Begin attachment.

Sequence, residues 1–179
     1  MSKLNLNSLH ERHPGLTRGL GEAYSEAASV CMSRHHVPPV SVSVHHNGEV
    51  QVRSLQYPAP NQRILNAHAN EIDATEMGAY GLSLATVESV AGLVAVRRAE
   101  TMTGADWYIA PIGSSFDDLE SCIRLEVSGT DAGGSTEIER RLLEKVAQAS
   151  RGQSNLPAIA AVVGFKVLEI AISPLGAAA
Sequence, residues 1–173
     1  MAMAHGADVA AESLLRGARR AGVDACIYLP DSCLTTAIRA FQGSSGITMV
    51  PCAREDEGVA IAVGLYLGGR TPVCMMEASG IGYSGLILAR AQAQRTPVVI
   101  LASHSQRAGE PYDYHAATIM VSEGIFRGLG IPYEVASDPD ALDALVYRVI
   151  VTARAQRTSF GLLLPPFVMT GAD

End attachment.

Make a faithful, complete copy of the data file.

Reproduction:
Sequence, residues 1–179
     1  MSKLNLNSLH ERHPGLTRGL GEAYSEAASV CMSRHHVPPV SVSVHHNGEV
    51  QVRSLQYPAP NQRILNAHAN EIDATEMGAY GLSLATVESV AGLVAVRRAE
   101  TMTGADWYIA PIGSSFDDLE SCIRLEVSGT DAGGSTEIER RLLEKVAQAS
   151  RGQSNLPAIA AVVGFKVLEI AISPLGAAA
Sequence, residues 1–173
     1  MAMAHGADVA AESLLRGARR AGVDACIYLP DSCLTTAIRA FQGSSGITMV
    51  PCAREDEGVA IAVGLYLGGR TPVCMMEASG IGYSGLILAR AQAQRTPVVI
   101  LASHSQRAGE PYDYHAATIM VSEGIFRGLG IPYEVASDPD ALDALVYRVI
   151  VTARAQRTSF GLLLPPFVMT GAD